Published DateI like to get out bushwhacking in the mountains occasionally. There is a freedom to it, as you make your own way. Of course, returning to a trail after such a wild foray is comforting.
This Wednesday I found both of these aspects in a hike up Sleeper Brook to the Davis Path.
I had heard about this interesting bushwhack before. Two experienced resident hikers bushwhacked part way up the brook last April 15, on a half day foray with limited time. One of them had a special interest in the place, as his grandfather had climbed up the Sleeper Brook drainage in the early 1900's, then climbed Stairs Mountain on the Montalban Ridge above. This was an outstanding adventure, especially considering that it was before the widespread use of the automobile, and a long train ride was needed to just get to the area.
Today, access is so much easier in the mountains for hikers of many ability levels. But I have no qualms writing about a bushwhack, even in this summer of frequent mountain rescues. If someone has the will to attempt a bushwhack, they likely have quite a bit of on-trail experience already. Most accidents in the mountains happen on trails. Also, it is understood that certain things are needed for off-trail hiking, such as knowledge of map and compass, confidence in your own hiking ability, a good knowledge of the surrounding terrain, a reasonably good first aid kit and headlamp, extra food, and of course, leaving word of your plans with others. Hiking alone or not is a personal choice based on experience.
I filled my two spotters in on my tentative plans before I drove up Route 302 past Bartlett. Just west of the Crawford Notch Campground and General Store, I pulled into a turnoff where the Saco River came close to the highway. The river was wide there, split into a few channels and easy to scramble across.
Leaving my car I looked across the river and up at the deep ravine of Sleeper Brook, with the rocky summit of Giant Stairs beyond. My tentative plan was climb up the brook past where it disappeared into the mountain on the map, and continue a short way further to the Davis Path, which I would then descend for 3.7 miles back to Route 302, ending up about a mile and a quarter south of my car. I wasn't planning to climb Giant Stairs, or, for that matter, Mount Crawford, located next to the trail down.
The section of the Saco River above the campground is wide and quiet. I had never seen anyone out there before, and that held true this time. I easily crossed to the wooded bank on the other side, and headed upstream through the woods towards Sleeper Brook.
Soon, I reached its mouth. The effects of Hurricane Irene were immediately apparent. The flood had forced tons of boulders of all sizes down the brook. The mouth of the brook looked more like the terminus of a landslide. My definition of a brook was stretched, as there was no visible water, it being evidently under the debris. I headed upstream, hoping water would appear soon, and a more familiar world return.
In an eighth of a mile, a pool of clear water gave hope, and soon the sounds of running water grew. The brook regained its normal shape as I climbed. Still, the hurricane had mostly reamed out its entire length. On my way up, I would find this helpful, except where dead trees with roots were flung across the way.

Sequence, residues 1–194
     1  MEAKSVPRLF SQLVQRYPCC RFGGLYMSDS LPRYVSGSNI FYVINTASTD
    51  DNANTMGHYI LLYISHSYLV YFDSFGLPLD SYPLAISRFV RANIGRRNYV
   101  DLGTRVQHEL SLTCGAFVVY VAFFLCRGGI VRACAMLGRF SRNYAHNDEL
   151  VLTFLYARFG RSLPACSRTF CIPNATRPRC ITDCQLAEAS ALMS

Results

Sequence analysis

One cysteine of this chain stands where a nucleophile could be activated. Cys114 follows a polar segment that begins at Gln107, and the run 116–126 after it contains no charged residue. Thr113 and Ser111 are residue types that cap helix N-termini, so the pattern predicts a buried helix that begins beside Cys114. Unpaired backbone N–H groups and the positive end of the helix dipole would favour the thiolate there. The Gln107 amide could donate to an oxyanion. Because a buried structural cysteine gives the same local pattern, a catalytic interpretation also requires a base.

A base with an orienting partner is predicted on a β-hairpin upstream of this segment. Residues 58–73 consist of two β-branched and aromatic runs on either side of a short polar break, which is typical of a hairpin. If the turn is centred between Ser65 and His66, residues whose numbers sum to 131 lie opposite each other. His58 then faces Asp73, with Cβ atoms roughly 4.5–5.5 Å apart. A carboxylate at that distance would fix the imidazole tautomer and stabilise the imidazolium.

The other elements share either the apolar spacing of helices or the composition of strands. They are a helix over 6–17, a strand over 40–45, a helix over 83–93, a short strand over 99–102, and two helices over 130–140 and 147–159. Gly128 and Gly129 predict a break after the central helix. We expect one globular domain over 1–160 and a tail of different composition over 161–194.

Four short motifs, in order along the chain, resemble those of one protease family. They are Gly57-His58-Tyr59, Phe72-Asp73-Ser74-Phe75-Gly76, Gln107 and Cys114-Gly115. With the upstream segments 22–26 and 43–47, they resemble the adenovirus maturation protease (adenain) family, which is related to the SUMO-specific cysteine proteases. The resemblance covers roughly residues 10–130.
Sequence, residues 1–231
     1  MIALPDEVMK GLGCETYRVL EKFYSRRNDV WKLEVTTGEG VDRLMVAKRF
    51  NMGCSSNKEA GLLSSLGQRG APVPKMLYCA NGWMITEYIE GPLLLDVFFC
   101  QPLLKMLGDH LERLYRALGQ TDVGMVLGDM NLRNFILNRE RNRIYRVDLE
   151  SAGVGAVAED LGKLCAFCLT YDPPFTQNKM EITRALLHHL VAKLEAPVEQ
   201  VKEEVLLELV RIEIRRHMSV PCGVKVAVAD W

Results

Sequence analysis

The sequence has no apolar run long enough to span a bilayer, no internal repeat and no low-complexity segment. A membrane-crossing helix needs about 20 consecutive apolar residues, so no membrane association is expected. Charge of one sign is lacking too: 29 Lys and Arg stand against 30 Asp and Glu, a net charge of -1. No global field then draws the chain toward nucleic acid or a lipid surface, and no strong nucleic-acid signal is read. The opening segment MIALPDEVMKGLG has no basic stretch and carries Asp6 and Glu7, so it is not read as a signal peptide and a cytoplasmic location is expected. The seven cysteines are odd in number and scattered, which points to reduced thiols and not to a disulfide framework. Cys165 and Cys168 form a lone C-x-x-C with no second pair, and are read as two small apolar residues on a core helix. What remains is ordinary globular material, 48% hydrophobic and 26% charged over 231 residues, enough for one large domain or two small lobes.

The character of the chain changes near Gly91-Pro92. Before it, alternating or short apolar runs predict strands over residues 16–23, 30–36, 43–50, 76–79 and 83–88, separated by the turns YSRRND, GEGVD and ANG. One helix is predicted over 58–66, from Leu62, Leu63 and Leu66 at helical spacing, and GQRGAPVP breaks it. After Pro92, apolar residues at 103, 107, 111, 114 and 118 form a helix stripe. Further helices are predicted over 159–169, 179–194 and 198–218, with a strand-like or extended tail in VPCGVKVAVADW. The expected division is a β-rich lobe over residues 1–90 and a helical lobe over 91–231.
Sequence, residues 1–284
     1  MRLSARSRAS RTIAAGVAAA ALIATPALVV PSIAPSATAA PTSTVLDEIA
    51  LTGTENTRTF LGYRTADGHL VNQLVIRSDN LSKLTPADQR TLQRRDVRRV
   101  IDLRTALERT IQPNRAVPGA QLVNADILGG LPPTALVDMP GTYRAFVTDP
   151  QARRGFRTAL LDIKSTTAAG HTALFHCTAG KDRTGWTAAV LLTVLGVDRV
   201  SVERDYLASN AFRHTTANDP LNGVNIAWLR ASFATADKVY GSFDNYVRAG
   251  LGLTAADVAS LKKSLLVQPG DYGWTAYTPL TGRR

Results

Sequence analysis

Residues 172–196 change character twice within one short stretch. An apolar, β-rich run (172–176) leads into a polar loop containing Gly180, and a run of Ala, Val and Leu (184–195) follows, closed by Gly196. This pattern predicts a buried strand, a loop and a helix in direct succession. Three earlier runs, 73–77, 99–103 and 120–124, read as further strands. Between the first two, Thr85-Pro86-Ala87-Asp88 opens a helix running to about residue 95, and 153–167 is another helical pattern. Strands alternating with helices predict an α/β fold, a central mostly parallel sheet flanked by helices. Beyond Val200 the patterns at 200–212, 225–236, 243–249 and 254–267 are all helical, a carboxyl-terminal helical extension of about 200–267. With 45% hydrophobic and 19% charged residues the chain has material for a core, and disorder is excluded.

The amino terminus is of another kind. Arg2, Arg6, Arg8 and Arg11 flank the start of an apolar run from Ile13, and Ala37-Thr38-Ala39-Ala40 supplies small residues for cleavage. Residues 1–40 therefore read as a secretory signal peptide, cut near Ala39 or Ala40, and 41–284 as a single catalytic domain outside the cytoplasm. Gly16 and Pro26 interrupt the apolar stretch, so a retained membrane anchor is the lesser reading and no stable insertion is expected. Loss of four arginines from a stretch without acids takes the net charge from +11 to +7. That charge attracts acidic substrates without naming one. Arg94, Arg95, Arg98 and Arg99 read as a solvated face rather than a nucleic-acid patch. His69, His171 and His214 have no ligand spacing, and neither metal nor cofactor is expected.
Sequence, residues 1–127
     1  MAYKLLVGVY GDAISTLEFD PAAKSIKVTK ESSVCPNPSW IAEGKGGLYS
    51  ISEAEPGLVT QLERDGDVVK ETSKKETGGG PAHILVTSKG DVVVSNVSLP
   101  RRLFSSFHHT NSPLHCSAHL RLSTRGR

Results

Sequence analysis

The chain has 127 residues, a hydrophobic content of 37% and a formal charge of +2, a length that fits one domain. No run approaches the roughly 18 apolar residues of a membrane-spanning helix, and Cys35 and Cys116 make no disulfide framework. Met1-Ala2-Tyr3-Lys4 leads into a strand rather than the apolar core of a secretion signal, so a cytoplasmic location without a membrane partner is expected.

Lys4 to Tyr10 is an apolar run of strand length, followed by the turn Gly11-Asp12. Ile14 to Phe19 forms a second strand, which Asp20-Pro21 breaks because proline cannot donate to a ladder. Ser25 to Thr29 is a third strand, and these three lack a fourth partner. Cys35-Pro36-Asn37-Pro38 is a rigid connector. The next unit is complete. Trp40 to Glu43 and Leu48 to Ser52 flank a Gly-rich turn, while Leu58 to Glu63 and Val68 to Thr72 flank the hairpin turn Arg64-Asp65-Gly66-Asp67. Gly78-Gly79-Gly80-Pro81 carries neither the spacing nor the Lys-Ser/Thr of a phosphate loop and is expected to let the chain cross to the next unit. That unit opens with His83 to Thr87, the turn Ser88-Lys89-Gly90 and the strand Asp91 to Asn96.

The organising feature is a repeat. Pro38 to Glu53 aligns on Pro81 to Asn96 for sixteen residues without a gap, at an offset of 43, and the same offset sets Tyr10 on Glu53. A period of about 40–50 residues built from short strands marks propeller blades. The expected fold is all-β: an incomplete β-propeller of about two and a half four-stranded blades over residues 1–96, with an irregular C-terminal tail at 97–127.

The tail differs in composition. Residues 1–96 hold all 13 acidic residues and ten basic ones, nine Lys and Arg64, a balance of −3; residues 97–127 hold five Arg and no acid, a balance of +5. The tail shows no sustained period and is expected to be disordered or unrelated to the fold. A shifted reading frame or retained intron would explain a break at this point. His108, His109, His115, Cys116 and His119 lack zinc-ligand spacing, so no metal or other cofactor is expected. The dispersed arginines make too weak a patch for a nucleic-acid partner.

An enjoyable aspect of stream walking is discovering new places at every turn. Sleeper Brook drains a steep and ample watershed, and the water had carved out attractive gorges with pools, with frequent smooth ledge to walk up formed during volcanic uplift.
Good boots are essential for hiking up a stream, where endless variations of friction and opposition are used in a dance. After a while, your boots get wet inside. That actually opens up more possibilities for movement up a stream. Yet, with the modest flow on Sleeper Brook, my boots got wet but not waterlogged.
On the day after my hike, I was told that few souls had done what I had done, going all the way up the brook to the Davis Path. I'm not sure if that is true or not. But, except for extreme care needed on wet ledge and loose boulders, I found this to be a hiker friendly bushwhack.
The brook curved to the north a little before turning east up towards the saddle between Giant Stairs and Mount Resolution. The slope got steeper, and an outward view opened up briefly behind me towards Crawford Notch. The volume of the brook had dissipated dramatically, and I knew I was getting to the point where it would just disappear into the mountain.
Closer to the saddle the slope eased up. The stream had shrunk to a line of sharp rocks up the slope through scratchy spruce.
Then suddenly, I reached the path. My body was glad, and I felt the softness and ease of walking along it. Finally I stopped and sat to finish my lunch, and change out of long pants, which I had put on for the last section of scratchy bushwhacking. I wrung out my sox and headed down the trail.
On the Davis Path, I came out on some flat ledges with great views. The nearby Mount Crawford was a modest spur on the ridge with ample summit ledges. To the west was a great gulf of space towards Crawford Notch. After the close confines of the brook, I breathed in the view.
Passing the spur trail to Mount Crawford, I descended the steep switchbacks towards Route 302. Near the bottom, I passed a couple who had climbed Mount Crawford, and then a dozen older girls from Camp Calumet who had done the same.
As I continued along the trail past the girls, they burst into a song. It was another welcome aspect of a day of contrasts.